While everyone’s keen to take a few pages out of Warren Buffett’s book for investing and making billions, fewer seem interested in learning other important life lessons from the master, including how to be your own man and why frugality is a virtue.
Indeed, millionaires who don’t even come close to Buffett’s billions live lives of luxury that are tainted by a “keeping-up-with-the-Jones’" mentality of trite showing off, while Buffett himself still lives in a house he bought in 1950s for around $31,500 dollars at the time.
He’s worth some $87 billion dollars, and while everyone knows it, he’s not interested in baselessly flaunting it, nor is he trying to make up for other shortcomings in his life by doing so. He knows who he is, and moves around this world free from the trappings of fame, fortune and ego.
He’s frugal—first and foremost—no matter that he managed to add another $10 billion to his net worth just in the past year.
The house he has lived in for decades is now worth around $650,000. And while his eating habits may make some cringe, everything else about his spending traits speaks to the modesty of truly good taste.
The list of what Buffett needs to live his ideal life is modest, even in comparison to middle class Americans tiring themselves out with trying to fill a void with the stuff of luxury. It includes:
• A Cadillac XTS, worth around $45,000 or so, and only his second car since 2006.
• A flip phone (no smartphones for this billionaire investor)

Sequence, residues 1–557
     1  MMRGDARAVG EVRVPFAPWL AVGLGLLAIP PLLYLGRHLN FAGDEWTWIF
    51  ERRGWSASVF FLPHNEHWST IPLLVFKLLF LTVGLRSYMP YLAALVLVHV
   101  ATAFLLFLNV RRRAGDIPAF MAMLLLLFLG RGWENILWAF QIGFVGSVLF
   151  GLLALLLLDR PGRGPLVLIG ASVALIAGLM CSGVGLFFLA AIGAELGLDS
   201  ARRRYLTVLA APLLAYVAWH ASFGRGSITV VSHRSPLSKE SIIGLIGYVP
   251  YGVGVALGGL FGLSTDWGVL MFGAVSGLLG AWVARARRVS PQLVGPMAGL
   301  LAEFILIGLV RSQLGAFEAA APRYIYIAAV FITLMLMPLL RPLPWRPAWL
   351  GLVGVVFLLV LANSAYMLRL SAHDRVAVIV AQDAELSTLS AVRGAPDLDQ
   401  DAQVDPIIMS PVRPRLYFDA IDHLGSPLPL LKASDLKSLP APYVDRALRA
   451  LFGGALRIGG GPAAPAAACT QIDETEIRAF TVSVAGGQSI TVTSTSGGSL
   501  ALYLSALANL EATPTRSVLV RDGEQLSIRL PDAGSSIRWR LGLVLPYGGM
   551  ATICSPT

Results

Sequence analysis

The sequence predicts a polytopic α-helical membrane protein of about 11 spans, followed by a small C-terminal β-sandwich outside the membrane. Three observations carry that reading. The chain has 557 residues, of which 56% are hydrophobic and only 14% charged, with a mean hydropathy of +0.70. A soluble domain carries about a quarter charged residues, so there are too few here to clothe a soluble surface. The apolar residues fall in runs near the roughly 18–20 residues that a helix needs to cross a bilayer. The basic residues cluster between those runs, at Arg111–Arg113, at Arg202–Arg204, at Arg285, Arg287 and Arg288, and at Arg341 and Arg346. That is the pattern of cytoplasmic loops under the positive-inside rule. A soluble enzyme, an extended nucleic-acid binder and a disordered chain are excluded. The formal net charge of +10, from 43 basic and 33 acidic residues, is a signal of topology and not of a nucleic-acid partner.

• 20 suits made in China, in defiance of Wall Street’s favorite designers
• $18 hair cuts
• A ritual $3 breakfast, every morning, from McDonalds (coupons, when available)
• 5 Cokes a day
• Occasional golf, but no fancy clubs
• A “disgusting pile” of books
• A private jet (his one concession to billionaire-hood, but he’s got to be able to get around fast as he continues to build his billions)
But the most important thing on his life list is this: Freedom. And that seems to include freedom from internal pressure to show off.
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“I don’t need any more because it doesn’t make a difference after a point,” he once said. “In fact, it’d be worse if I had six or eight houses.”
And that is how he views freedom. Possessions begin to own you after a while, and Buffett’s wants are simple, if not strategic.
Nor will there be any gold-diggers hanging around his family. Buffett will only leave each of his three children $2 billion, with the rest going to philanthropy.
He’s not being mean, either. This is another of life’s important lessons. He plans to leave his children “enough money to that they would feel they could do anything, but not so much that they could do nothing”.
While Buffett knows this world well, and his investments clearly prove that, he lives in a parallel universe that is free from the trappings of technology. Though he’s invested heavily in Apple, he still only uses a flip phone, and is said to have only sent one email in his life.
In a way, it’s all rather cynical, but the rest of us are to blame. Buffett’s making tens of billions of dollars betting that the rest of us don’t understand freedom in the same way. He’s betting that we are fully trapped in technology and show-off luxuries—and he’s winning the bet.
In other words, Buffett’s frugality isn’t ours, and that’s exactly why he’s the third-wealthiest person in the world. Perhaps something to keep in mind this Christmas.
By David Craggen for Safehaven.com
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